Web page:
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© Avi Sion, 1990 (Rev. ed. 1996) All rights reserved.

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1. Synthesis.

2. Self-Criticism.

3. Fairness.

1. Synthesis.

Knowledge requires inquisitiveness and creativity. It cannot advance far inertially. The role of the knower is to actively ask questions and look for answers, not to sit back passively and assume all is well. Knowledge is a constructive activity.

In forming one’s opinions, one has to think things through, and not unfocus one’s stare and avoid the effort. One should not rely excessively on generally-held opinion, though of course its general acceptance is in most cases well-earned. One is duty-bound to verify, repair, and contribute, if one can.

Knowing is not mere maintenance work, ‘when something goes wrong, fix it’, but involves searching for flaws or improvements even without apparent cause. Speculation, the attitude of ‘what if things are otherwise than they now seem or are said to be?’, has considerable value in the pursuit of truth.

In forming our world-view, we all make use of some prejudicial ideas, or preconceptions. We take for granted many basic assumptions, often unconsciously, without awareness of having made them, without ever having analyzed them to any great extent, without having tried the alternative assumptions.

Some such assumptions become deeply ingrained in a sub-culture, a culture, a period of history, or all human thinking. If such a philosophical prejudice is institutionalized, it is called a dogma. But our concern here is also with unconscious dogmas. My purpose in this chapter is to show informally how such ideas can be brought out into the open and evaluated.

The first thing is always a willingness to face the issue explicitly, and confront the possibly unpleasant results. Next, try to reconcile the apparent opposites, find a synthesis of some sort. Look for the ultimate premises, and even if speculatively, consider alternative conceptions which are capable of fitting the known facts.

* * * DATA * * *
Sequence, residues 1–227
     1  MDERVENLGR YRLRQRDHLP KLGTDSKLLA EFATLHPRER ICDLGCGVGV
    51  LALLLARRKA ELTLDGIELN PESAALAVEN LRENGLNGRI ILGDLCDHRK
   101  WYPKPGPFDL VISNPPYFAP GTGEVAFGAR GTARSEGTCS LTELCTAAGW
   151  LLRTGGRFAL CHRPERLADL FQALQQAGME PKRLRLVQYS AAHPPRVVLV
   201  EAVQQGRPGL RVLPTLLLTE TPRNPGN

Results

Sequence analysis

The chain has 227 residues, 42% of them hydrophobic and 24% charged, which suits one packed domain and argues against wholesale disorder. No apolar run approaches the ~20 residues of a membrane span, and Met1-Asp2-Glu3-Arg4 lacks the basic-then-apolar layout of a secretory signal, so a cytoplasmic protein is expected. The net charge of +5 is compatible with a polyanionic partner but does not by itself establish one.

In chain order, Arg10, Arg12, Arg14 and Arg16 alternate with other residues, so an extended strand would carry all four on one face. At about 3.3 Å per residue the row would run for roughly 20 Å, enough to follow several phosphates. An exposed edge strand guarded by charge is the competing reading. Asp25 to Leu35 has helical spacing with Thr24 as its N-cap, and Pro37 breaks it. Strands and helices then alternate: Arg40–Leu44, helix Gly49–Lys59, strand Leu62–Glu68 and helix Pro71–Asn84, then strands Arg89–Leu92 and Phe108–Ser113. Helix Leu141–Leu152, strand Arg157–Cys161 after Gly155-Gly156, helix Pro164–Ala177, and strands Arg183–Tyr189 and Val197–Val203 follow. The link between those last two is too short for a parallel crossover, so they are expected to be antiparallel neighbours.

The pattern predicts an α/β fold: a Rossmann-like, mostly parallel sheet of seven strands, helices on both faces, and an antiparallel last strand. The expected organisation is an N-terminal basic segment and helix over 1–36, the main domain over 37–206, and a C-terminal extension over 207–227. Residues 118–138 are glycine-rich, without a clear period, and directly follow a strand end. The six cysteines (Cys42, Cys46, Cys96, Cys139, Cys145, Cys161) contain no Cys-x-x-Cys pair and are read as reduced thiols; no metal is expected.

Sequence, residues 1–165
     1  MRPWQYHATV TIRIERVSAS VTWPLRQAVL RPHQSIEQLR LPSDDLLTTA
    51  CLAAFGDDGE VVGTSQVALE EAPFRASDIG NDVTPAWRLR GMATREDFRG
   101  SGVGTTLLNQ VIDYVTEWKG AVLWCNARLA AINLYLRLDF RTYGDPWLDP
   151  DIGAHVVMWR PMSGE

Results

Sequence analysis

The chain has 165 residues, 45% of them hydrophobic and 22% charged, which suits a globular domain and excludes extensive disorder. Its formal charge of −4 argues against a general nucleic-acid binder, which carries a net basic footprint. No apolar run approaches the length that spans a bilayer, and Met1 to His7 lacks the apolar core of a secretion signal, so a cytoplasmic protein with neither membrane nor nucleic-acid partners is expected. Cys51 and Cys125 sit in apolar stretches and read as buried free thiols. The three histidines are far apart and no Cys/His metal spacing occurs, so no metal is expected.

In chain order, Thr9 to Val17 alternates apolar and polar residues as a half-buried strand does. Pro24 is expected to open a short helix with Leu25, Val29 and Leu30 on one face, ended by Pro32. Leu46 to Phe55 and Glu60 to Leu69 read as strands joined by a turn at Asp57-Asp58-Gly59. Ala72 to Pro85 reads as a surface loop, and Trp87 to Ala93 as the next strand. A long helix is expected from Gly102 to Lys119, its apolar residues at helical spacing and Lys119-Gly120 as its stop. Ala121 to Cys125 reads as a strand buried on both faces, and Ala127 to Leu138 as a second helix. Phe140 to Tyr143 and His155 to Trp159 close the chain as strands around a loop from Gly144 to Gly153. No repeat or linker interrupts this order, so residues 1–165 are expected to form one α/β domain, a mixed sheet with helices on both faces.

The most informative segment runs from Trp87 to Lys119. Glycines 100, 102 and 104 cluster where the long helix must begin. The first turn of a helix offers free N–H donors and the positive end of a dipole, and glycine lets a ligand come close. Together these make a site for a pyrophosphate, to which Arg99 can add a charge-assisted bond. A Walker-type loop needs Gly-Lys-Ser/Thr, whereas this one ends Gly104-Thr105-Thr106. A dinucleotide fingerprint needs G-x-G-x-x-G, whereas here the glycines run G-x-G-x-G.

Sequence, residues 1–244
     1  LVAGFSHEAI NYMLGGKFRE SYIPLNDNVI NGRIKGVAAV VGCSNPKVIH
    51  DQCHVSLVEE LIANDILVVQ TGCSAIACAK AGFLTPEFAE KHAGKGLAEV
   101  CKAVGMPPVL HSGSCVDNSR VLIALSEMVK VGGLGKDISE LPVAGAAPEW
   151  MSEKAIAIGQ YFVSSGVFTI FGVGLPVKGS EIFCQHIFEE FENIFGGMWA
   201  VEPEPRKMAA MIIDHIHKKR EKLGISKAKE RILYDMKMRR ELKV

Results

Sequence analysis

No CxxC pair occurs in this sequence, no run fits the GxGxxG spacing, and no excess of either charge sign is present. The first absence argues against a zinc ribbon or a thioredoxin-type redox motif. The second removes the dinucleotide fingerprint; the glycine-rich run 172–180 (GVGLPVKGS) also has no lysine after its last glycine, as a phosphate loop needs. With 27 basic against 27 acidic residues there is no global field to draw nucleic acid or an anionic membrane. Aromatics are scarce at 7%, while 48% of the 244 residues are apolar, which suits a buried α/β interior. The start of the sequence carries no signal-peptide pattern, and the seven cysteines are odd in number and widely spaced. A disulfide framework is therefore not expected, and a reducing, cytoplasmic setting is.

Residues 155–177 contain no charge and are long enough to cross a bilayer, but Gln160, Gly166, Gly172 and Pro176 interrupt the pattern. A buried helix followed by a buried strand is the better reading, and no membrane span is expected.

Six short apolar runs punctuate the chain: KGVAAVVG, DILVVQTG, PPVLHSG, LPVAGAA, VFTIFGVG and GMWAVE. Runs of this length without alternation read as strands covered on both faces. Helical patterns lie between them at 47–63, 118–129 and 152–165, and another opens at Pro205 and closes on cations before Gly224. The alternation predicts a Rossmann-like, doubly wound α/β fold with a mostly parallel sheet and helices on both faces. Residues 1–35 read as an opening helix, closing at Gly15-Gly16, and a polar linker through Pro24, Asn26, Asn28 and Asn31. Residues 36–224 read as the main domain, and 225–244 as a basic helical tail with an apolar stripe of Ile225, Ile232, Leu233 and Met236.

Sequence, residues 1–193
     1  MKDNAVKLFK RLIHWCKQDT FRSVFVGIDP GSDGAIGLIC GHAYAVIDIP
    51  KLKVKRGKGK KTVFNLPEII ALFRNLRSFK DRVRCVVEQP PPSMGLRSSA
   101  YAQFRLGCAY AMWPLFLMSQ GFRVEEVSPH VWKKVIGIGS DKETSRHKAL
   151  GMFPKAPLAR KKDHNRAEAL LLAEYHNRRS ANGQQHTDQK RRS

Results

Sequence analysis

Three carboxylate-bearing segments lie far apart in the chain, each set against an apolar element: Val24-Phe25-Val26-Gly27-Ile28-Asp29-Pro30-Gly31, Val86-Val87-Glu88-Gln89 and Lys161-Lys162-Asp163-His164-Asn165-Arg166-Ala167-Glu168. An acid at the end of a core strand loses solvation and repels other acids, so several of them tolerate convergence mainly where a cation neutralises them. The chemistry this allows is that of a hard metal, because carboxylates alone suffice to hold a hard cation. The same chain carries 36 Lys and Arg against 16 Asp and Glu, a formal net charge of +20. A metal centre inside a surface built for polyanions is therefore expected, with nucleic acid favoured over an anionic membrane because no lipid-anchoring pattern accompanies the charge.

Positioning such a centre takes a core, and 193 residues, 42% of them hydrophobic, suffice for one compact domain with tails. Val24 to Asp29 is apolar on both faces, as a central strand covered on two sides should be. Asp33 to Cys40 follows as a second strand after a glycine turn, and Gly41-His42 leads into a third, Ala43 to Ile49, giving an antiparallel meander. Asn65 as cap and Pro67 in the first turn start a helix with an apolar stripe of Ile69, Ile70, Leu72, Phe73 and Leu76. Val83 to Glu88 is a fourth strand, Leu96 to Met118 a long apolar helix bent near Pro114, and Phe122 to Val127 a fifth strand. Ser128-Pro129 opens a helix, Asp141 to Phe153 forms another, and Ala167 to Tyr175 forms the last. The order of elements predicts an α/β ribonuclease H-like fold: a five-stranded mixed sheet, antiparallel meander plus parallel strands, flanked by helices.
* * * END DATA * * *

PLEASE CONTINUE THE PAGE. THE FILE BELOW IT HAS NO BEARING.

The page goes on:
The synthesis of knowledge is an attempt to ‘wrap it all up’, or at least take stock of the situation as a whole thus far. You lay out the data you have, and you firmly evaluate their significance on your current opinions:

· Where are you at?

· What do you know, what don’t you know?

· What do you need to know?

· What can you know, what can’t you know?

An inventory and a summation, to the best of one’s ability.

2. Self-Criticism.

Thus far, one’s logic may have been lenient. One perhaps wanted to get ahead, to cover ground. There was no time for scrupulous analysis of the degrees of logical probability in one’s information and inferences. Now, the whole must be reviewed, each part considered in the light of all the others. One must disengage oneself, and become a neutral referee between contending ideas.

One must challenge one’s previous viewpoints. One must look at things more critically, less intent on the object than on the process which led us to our viewpoint. It is time to linger on detail, digress a little, consider the full impact of what one is saying.

This may mean taking-off in all directions, even to the point of looking into metaphysical implications. One should not limit one’s vision to one field, but range as far and wide as necessary to prove a point. One may appeal to epistemological reasons, or consider ontological outcomes.